• Calcific – calcium is released from cells and, once calcified, goes into resting. After this, reabsorption begins which is typically the most painful phase.
  • Post-calcific – as the calcium deposit is removed, symptoms tend to alleviate and tendon structure normalises (5, 6).

4. Risk Factors

This is not an exhaustive list. These factors could increase the likelihood of someone developing rotator cuff calcific tendinopathy. It does not mean everyone with these risk factors will develop symptoms.


5. Prevalence

The prevalence of rotator cuff calcific tendinopathy in adults ranges between 2.7% and 10.3% in healthy shoulders (3); approximately 42% of these patients eventually have symptoms, complaining of shoulder pain (7). Women make up 70% of cases and are usually aged 50-70 with a bilateral presentation in up to 25% of cases (1,3).

Advancement in imaging technology such as magnetic resonance imaging (MRI) and ultrasound (US) scans, has produced far more detailed anatomical examination. As such, this may have resulted in more cases being identified in recent years (6, 8).

6. Assessment & Diagnosis

Musculoskeletal physiotherapists and other appropriately qualified healthcare professionals can provide you with a diagnosis by obtaining a detailed history of your symptoms. A series of physical tests might be performed as part of your assessment to rule out other potentially involved structures and gain a greater understanding of your physical abilities to help facilitate an accurate working diagnosis.

Your treating clinician will want to know how your condition affects you day-to-day so that treatment can be tailored to your needs and personalised goals can be established. Intermittent reassessment will ascertain if you are making progress towards your goals and will allow appropriate adjustments to your treatment to be made. Imaging studies like MRI or ultrasound scans are usually not required to achieve a working diagnosis, but in unusual presentations, they may be warranted.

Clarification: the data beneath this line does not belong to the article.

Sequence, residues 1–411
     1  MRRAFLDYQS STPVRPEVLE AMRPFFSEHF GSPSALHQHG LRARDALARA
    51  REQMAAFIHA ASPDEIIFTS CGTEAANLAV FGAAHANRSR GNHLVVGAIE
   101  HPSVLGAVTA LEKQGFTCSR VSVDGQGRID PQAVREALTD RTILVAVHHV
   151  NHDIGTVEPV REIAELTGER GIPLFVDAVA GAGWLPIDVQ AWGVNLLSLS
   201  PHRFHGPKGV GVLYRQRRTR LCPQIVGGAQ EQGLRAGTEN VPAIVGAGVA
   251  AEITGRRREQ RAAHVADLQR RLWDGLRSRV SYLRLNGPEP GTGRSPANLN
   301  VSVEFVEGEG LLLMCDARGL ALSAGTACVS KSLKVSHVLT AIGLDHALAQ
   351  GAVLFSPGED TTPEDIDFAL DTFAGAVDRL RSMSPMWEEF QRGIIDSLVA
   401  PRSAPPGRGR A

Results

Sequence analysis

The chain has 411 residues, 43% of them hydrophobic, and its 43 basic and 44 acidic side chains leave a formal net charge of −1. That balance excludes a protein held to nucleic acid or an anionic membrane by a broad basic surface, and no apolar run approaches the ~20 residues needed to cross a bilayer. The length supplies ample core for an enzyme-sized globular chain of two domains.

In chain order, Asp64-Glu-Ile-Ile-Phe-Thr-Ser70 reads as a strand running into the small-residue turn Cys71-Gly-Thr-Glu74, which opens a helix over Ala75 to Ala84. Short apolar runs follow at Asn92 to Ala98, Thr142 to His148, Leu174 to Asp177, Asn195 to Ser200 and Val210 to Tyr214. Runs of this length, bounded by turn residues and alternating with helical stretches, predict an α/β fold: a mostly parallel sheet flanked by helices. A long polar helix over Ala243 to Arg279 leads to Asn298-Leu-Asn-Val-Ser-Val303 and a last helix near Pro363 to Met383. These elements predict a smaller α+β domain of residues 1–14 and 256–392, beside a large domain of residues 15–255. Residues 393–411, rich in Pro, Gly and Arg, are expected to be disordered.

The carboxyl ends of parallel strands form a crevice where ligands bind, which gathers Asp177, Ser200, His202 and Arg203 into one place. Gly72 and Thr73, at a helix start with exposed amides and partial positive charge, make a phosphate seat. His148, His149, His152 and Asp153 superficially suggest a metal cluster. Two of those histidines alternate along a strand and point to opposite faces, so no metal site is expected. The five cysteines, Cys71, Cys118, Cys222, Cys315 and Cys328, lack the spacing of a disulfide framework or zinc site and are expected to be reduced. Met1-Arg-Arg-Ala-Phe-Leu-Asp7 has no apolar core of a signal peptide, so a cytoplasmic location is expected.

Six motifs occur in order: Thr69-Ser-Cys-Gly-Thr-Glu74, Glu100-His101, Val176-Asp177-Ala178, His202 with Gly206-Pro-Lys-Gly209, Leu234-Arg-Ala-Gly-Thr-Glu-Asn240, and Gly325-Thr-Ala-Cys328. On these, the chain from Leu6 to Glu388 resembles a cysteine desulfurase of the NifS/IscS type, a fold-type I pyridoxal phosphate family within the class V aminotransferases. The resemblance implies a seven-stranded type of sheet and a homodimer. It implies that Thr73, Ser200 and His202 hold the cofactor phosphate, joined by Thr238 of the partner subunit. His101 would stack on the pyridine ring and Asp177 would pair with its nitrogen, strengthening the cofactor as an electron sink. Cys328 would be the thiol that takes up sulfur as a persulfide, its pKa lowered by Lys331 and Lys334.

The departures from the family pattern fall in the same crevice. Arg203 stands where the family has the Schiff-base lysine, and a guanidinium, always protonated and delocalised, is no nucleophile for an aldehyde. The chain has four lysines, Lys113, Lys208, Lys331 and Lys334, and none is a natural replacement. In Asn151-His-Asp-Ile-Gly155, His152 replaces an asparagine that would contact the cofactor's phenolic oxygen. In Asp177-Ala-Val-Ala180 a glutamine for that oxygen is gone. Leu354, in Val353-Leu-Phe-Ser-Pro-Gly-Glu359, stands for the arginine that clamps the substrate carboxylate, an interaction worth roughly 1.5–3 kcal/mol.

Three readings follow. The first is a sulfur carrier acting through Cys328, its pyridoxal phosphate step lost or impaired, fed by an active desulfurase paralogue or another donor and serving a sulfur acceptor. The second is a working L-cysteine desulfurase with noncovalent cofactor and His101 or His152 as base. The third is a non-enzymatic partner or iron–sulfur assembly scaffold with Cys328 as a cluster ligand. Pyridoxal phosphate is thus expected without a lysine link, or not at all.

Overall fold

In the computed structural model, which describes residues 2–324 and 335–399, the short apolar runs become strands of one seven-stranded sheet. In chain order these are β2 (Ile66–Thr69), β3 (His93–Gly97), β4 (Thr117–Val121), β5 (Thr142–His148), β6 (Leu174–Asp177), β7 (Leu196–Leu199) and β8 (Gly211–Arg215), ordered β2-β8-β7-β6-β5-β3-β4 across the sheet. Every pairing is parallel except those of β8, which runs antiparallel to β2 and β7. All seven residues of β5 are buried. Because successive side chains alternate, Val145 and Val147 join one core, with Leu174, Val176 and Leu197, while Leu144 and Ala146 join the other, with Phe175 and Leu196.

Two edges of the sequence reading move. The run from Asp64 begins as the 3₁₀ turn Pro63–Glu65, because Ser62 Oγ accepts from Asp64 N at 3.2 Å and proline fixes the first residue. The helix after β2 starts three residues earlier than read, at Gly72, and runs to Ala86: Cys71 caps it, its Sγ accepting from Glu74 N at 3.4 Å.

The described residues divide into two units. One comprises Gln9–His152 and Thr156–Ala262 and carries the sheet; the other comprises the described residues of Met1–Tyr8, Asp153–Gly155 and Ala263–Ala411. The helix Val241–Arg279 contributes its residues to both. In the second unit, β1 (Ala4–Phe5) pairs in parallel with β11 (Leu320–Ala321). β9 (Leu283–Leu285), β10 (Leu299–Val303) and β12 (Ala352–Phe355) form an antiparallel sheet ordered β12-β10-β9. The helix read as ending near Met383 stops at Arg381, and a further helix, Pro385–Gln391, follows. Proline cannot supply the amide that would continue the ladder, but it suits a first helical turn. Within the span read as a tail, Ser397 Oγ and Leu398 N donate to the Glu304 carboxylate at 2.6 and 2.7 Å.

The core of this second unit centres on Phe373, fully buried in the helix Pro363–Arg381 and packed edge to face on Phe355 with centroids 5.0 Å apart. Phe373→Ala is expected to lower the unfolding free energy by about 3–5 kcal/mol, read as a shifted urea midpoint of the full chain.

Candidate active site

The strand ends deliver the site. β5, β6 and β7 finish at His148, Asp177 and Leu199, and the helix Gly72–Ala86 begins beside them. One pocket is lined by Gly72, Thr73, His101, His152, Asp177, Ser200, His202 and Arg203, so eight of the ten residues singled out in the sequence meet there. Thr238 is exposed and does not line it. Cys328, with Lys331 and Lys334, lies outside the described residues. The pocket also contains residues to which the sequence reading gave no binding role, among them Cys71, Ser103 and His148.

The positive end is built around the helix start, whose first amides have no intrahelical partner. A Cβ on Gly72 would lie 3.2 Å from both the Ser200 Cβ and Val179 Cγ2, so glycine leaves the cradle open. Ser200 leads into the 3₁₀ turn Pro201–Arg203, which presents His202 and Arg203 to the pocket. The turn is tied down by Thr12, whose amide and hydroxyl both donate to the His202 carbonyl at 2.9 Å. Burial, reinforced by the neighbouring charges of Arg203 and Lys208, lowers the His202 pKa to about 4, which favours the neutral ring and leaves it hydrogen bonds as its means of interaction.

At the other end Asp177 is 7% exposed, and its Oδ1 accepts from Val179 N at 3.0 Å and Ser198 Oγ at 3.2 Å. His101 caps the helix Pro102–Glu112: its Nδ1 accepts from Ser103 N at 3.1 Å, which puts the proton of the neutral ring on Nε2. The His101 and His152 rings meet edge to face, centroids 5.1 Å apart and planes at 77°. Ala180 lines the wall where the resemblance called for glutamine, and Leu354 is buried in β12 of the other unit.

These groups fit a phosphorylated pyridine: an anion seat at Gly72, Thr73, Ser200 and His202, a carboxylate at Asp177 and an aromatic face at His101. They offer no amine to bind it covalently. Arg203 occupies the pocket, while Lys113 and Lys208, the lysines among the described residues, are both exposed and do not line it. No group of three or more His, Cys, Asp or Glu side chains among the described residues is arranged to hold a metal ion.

7. Self-Management

As part of the sessions with your physiotherapist, they will help you to understand your condition and what you need to do to help the recovery from your rotator cuff calcific tendinopathy. This may include reducing/altering the amount or type of activity with the shoulder, as well as other advice aimed at reducing your pain.

It is important that you try and complete the exercises you are provided to help with your recovery. Rehabilitation exercises are not always a quick fix, but if done consistently over weeks and months then they will, in most cases, make a significant improvement (1, 3).


8. Rehabilitation

This condition is managed like non-calcific rotator cuff tendinopathies which involve graded loading to stimulate healing, restore function and build resilience in the affected structures (1). Below are three rehabilitation programmes created by our specialist physiotherapists targeted at addressing rotator cuff calcific tendinopathy. In some instances, a one-to-one assessment is appropriate to individually tailor targeted rehabilitation. However, these programmes provide an excellent starting point as well as clearly highlighting exercise progression.

9. Calcific Tendinopathy Rehabilitation Plans

Early Plan

In the initial stages, the focus for rehabilitation is to manage pain levels and maintain range of motion, function and strength. Gentle range of motion strength exercises are recommended to help reduce pain, avoid soft tissue stiffness in the affected shoulder and increase strength. This should not exceed any more than 4/10 on your perceived pain scale.

Early Plan  - Rating

Intermediate Plan

As pain and range of motion improve, the emphasis shifts to progressively loading the affected tendon(s) and increasing shoulder strength and stability. Much like the early plan, a manageable pain level is allowable but should be monitored closely. With the focus shifting to strength, we recommend performing these exercises in just one session, 2-3 times per week with rest days in between. This programme aims to build the resilience of local structures whilst also tailoring the exercises towards everyday, functional movement patterns such as lifting and reaching. This should not exceed any more than 4/10 on your perceived pain scale.

Intermediate Plan - Rating

Advanced Plan